Henrietta Lacks was admitted to John Hopkins Hospital in 1951 after falling victim to cervical cancer. She would later die in that same hospital at the young age of 31. She left behind four loving children, a good reputation with everyone she encountered and, most importantly, cell tissue that would later be used for some of the most advanced achievements in the medical field.
So, what’s the issue? Well, no one in Lacks’ family even knew that doctors at John Hopkins took a sample of her cancer cells. They didn’t even know the the famous “HeLa” cells being used to cure polio and research cancer were taken from their mother and not a fictional Helen Lane. They definitely didn’t know that they were being sent into space.
To tell this story, freelance writer Rebecca Skloot tracked down Lacks’ remaining relatives and researched the unsung hero of the modern medical world. After her book on the experience became a constant on The New York Times Best-Seller’s list for nearly six years, Oprah Winfrey’s Harpo Studios committed to bringing the story to life in film.
On April 22, HBO will premiere The Immortal Life of Henrietta Lacks to further cement the legacy of a woman who indirectly saved the lives of millions of people.
The film stars Winfrey as Deborah Lacks, Henrietta’s daughter, and Rose Byrne as Rebecca Skloot, as they work diligently to rediscover the history of the HeLa cells and the person they came from. While doing so, they also find out just how far the medical field went to avoid giving Lacks’ any credit for her involuntary donation or any form of compensation to her family, despite the billions of dollars the HeLa cells have likely made. [Note: The family still hasn’t been compensated.]
Henrietta Lacks’ death may have changed the world for the better, but the film goes to great lengths to show how much it negatively affected her own family. With the loss of their mother at an early age for reasons they didn’t fully comprehend, many of the Lacks’ children went on to have intimate experiences with abuse, crime and their own illnesses.
While the film definitely focuses on the manipulative tactics of the health industry, it’s subplot shines a bright light the history on mental health treatment in the black community. Perhaps the most chilling moment comes when Deborah and Rebecca look into the 1955 passing of Elsie Lacks, Henrietta’s oldest daughter who was sent to a mental health facility for black youth and died ad the young age of 15 following long-term mistreatment and unethical practices.
This window into mental illness and how unresolved trauma can magnify its effects also exposes new sides to many of Lacks other children, including Deborah, who battles a number of diagnoses, including anxiety and schizophrenia. It’s very possible that many of her mental battles were triggered by the negative experiences she dealt with following the death of her mother and later on in life as her determination to learn about the woman who died when she was only two months old grew. There are even a handful of references to the belief that one can use religion to cure mental illness. While controversial, including it in the film only adds to the truth it sells.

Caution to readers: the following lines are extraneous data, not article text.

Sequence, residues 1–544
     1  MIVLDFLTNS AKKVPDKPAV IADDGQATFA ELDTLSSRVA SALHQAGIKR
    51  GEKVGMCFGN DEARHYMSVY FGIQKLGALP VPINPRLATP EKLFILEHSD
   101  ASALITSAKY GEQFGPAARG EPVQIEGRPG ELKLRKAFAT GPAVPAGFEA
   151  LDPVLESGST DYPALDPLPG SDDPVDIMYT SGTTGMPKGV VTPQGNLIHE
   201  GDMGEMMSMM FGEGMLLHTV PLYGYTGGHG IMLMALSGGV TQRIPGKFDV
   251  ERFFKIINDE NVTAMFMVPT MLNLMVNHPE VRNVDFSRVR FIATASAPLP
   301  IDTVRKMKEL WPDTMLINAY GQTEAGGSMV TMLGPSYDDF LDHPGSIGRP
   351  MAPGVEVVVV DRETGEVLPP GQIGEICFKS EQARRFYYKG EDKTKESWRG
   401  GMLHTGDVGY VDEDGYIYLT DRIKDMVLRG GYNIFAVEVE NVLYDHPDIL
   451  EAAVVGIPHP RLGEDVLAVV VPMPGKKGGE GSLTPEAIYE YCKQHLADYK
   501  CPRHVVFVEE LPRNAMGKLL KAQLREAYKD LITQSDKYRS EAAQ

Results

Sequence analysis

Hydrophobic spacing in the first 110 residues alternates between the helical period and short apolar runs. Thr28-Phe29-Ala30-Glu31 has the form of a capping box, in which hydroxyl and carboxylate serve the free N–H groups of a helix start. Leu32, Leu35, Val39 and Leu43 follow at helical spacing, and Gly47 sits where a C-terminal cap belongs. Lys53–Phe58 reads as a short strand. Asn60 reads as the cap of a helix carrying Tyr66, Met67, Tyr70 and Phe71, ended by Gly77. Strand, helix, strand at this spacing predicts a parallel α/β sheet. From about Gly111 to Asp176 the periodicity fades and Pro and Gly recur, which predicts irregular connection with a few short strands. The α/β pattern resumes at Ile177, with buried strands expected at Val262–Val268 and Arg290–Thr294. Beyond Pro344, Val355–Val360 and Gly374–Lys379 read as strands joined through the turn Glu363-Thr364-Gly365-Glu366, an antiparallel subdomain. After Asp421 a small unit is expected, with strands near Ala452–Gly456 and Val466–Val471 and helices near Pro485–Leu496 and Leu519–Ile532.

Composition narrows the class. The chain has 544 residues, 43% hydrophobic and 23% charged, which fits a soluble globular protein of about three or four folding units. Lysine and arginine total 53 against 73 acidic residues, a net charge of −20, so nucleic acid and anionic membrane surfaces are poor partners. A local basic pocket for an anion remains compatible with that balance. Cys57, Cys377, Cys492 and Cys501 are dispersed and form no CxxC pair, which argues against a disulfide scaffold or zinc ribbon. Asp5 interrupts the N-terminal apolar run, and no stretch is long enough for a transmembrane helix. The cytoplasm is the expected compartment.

Portraying the often frazzled Deborah Lacks, Winfrey’s performance is strong in multiple instances, whether she’s uncontrollably excited or exhibiting subtle signs of paranoia. In many scenes, she’s noticeably on edge, but still has a grasp on reality. During others, she displays the ability of checking off the multiple levels one reaches before getting to a full-on mental breakdown. Rose Byrne’s portrayal of Rebecca Skloot works well as it helps center the tension felt in many of these scenes as she dives headfirst into a story that she couldn’t have possibly imagined would go so deep.
Brief, but powerful performances, especially came from Courtney B. Vance as Sir Lord Keenan Kester Cofield, a clever conman who complicates matters for the Lacks family, and René Elise Goldsberry, who plays the woman of the hour in a handful of flashback scenes. While the viewers don’t get to spend much time with Lacks, like most of her children, it’s just as effective to be there as she comes to terms with her diagnosis as if half of the movie were spent solely focused on her.
Watching her share the news of her cancer diagnosis with friends atop a ferris wheel – the same one where she’d often shared fond memories with these same friends – will stick with anyone who sees it.
The Immortal Life of Henrietta Lacks will resonate with audiences as a story of major loss and finding something worthwhile to hold onto despite it.